After receiving what was undoubtedly the most kick-ass history lesson of my life last spring when I saw Bloody Bloody Andrew Jackson at The Public Theater, I wondered how the show would handle a Broadway transfer. Even now, the emo-rock musical about America’s seventh president still has a more off-Broadway feel to me. Its humor is incredibly specific and the story verges on off-putting and offensive at times. But like its title character, this show doesn’t follow convention.
Now playing at the Bernard Jacobs Theatre, Bloody Bloody has once again opened with commitment. The show’s focused style of humor and aesthetics would not work without pure dedication, and Bloody Bloody has gone whole hog. Or rather whole horse, as one hangs upside down from the ceiling over the audience.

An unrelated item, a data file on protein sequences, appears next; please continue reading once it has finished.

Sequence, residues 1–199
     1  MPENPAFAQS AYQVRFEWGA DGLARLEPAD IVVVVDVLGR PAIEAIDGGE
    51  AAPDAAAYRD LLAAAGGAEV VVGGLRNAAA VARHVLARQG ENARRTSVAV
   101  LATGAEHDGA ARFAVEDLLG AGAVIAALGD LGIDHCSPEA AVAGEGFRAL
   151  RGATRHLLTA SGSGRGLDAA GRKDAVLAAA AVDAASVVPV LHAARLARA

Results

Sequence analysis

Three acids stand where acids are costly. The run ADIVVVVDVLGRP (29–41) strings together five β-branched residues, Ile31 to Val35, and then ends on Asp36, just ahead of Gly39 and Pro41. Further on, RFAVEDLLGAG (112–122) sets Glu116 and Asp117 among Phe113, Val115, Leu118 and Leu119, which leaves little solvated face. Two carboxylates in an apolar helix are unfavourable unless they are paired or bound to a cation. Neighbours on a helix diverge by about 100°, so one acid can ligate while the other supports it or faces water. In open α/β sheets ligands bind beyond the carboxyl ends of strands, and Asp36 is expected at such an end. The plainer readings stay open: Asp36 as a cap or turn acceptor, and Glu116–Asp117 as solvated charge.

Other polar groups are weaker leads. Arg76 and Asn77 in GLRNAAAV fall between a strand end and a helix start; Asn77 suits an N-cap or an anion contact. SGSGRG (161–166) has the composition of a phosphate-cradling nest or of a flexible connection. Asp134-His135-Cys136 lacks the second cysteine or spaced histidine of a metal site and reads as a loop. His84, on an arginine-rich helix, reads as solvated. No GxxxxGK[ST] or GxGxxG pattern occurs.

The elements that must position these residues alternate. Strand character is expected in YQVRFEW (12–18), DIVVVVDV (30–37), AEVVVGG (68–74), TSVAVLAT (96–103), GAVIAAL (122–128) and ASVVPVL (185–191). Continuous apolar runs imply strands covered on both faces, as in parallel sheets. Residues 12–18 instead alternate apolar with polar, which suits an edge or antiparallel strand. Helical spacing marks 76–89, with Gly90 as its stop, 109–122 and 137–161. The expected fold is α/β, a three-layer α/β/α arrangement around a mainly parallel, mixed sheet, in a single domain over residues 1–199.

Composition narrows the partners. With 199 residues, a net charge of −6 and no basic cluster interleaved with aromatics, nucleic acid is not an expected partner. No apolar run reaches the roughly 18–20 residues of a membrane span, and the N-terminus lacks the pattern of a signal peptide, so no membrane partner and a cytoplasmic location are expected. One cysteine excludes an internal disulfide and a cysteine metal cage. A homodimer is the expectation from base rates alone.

Walking into the home of Bloody Bloody is an instant immersion into another world. Scenic designer Donyale Werle has done stupendous work, expanding beautifully on the setting at The Public. One of the most enjoyable aspects of Bloody Bloody last spring was the all-inclusive set design, with gaudy chandeliers and Christmas lights stretching far out into the audience. Werle has adapted the themes wonderfully for the 1,000-seat Jacobs Theatre. The house is splashed in deep read and painted portraits adorn the walls all the way to the back. The Christmas lights and chandeliers have returned, hoisted high above the audience, stretching back through the mezzanine. The Jacobs Theatre looks like a ghoulish setting for a Halloween party.
Once in the theater, the audience is prepped for all the sights of Bloody Bloody. The creative team for this show is the one to beat come Tony season. Werle, lighting designer Justin Townsend, and costume designer Emily Rebholz have collaborated with such unity. Rebholz’s costumes have done the actors the service of making them look as sexy and radical as they need to portray themselves. All aspects of Bloody Bloody fit together like a puzzle. Read more